canadian ~ twenty-first century literature since 1999


TDR Interview: Catherine Kidd

Catherine Kidd is the author of Everything I know about Love I learned from Taxidermy (Conundrum Press), a collection of performance pieces about the body and memory, with accompanying soundscape. Her performances have been featured in festivals such as "Scream in High Park" and 'TongueTied/Langue Liťe, while recorded work has been aired on CBC's ArtTalks and appears on the CD 'Wired on Words: Millennium Cabaret'. Her fiction has been published in Banff's Meltwater Anthology, Poetry Nation, Matrix and This Magazine. Her first novel, Bestial Rooms is currently at large.

Catherine was part of the Blue Metropolis Festival in Montreal (April 2005). The Danforth Review was there.

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TDR: How did you enjoy this year's Blue Metropolis?

CK: How? Let me count the ways...In terms of life metaphors, it is true that you canít do everything, and there will always be way more things you didnít to see than the things you did see. So you try to thoroughly enjoy the latter, and be happy. I got to hear David Suzuki speak, and he is one of my heroes. I used to go around telling people he had six fingers on one hand, until it was confirmed that this was not true. Then I realized that I had dreamt him with six fingers, in a dream where species were evolving instantaneously. There was also a bivalve with two feet.

TDR: I see.

CK: I also got to teach a bunch of workshops to kids from various high schools outside Montreal, get them to write stories and read them. Fifteen and sixteen year olds, mostly. It was amazing how they were like half-kid and half-grown up, which is more than I can say.

TDR: Is the event getting more business than previous years?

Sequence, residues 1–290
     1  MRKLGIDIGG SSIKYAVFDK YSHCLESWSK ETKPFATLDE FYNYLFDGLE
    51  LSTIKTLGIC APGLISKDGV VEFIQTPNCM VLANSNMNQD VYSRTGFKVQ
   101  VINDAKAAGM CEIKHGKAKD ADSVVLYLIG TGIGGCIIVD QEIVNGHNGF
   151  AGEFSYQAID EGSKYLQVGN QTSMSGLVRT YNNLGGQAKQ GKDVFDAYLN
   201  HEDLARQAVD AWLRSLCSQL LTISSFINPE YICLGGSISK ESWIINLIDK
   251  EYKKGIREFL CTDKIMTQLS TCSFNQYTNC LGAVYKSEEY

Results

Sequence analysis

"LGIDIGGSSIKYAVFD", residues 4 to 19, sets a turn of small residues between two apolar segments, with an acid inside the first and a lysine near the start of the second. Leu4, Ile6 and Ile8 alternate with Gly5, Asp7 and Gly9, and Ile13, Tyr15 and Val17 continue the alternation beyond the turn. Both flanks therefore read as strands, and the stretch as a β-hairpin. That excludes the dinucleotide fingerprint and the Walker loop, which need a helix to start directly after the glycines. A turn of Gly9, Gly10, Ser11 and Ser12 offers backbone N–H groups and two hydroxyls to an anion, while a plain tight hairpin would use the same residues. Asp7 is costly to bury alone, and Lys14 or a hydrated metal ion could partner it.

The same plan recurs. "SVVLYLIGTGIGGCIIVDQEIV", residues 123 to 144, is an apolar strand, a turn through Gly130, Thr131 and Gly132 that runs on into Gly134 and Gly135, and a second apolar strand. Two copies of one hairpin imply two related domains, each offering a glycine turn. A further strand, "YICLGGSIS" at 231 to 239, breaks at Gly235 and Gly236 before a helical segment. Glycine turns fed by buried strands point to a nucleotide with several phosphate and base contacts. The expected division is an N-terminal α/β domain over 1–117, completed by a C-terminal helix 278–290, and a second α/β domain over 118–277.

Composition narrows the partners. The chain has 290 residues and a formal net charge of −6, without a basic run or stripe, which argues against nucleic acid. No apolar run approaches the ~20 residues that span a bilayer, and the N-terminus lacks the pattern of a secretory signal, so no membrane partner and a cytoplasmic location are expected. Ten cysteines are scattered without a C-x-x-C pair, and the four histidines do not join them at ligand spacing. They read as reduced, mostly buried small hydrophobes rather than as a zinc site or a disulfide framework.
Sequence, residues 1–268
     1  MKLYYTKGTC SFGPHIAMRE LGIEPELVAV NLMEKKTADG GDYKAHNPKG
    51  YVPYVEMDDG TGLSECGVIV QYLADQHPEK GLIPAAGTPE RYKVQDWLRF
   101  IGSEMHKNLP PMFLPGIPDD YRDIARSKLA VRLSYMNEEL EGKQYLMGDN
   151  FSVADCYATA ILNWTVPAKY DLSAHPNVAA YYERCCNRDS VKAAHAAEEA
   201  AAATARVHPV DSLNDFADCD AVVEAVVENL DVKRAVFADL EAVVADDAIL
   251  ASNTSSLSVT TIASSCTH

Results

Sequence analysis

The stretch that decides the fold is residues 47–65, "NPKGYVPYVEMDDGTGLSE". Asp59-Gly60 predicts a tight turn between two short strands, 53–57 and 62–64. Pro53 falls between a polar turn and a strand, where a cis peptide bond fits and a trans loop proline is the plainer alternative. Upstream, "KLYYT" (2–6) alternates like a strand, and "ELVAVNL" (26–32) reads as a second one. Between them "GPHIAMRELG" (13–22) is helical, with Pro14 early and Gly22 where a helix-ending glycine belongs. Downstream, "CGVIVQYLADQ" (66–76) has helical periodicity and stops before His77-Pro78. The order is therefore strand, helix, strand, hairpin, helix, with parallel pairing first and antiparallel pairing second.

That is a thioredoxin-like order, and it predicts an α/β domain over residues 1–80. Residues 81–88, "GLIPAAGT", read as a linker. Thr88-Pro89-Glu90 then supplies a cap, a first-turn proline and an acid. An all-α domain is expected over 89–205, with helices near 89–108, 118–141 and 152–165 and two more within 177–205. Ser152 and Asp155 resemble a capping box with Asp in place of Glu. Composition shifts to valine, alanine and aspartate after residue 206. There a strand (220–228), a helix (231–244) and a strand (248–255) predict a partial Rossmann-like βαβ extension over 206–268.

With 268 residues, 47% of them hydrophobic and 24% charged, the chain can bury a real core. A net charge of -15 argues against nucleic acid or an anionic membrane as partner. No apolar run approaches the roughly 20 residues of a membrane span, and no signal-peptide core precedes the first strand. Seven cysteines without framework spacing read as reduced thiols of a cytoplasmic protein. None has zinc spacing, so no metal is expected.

CK: It seems to be. I donít know the numbers, but there seems to be an increasing degree of hive-activity, many people and high energy.

TDR: Beyond appearing there, what draws you to the event?

CK: I like to hang out in the hospitality suite with my writerly friends, and make new friends, and feel writerly, and drink some red wine with them.

TDR: Can you tell the folks at home about the origins of Catherine Kidd the writer, performer, spoken word artist.

CK: Basically, I started out as an acting student, found acting too vapid and switched to philosophy, which I found too ponderous. So I gave up for a while and went to India, where i lived two years as a scruffy foreigner who wrote in journals a lot. I decided to write more and moved to Montreal, where I knew nobody. I was serious and solitary and lonely, so I started repo-ing acting experience and performing stories. My roommate Andy Brown and I made a book/cassette called Everything I know about Love I learned from Taxidermy which is basically about not knowing anything about love. I got a book contract as a result of this, and spent the next several years writing a novel. It is not out yet. I feel like eight years pregnant. 

At some point I had to pick up performing again, so I would not become a pregnant hermit. Conundrum Press publisher Andy Brown, and Wired On Words poet Ian Ferrier, DJ Jack Beets and I made a cd/book called Sea Peach, which is about actually learning something about love. I become happier and less cynical, and wondered if this would affect my writing career, which it has. Basically, that's it. Plus or minus a few relationships, some depressions, and some exultations.

TDR: What have you been working on lately?

CK: Lately Iíve been having to do the very tedious things which are necessary preparation for the very exciting ones. Administration things to get ready for summer touring. Touring is way fun. I have already done some shows at the Oh Solo Mio Festival in London Ontario, and at the World Stage Festival at the Harbourfront. Later, I will be going to Yellowknife, and to Erlangen Germany. It finally feels like things are rolling on their own steam more than in previous years, so I sleep better than I used to.

TDR: Now about China this summerÖ

CK: China! Can you believe it? Iím quite thrilled. I will be performing Sea Peach in Shanghai and Beijing, and also will be hosting a documentary about Canadian artists in China. The documentary is the brainchild of film-maker Jesse Hunter, who will be looking into the phenomena of the cultural blooming happening in cities such as Shanghai. He is interesting how Canadian foreigners are doing in their artistic pursuits, given that getting about in China, both socially and professionally, has largely depended on connections -- introducing yourself to the right people in the right way.


 

 

 

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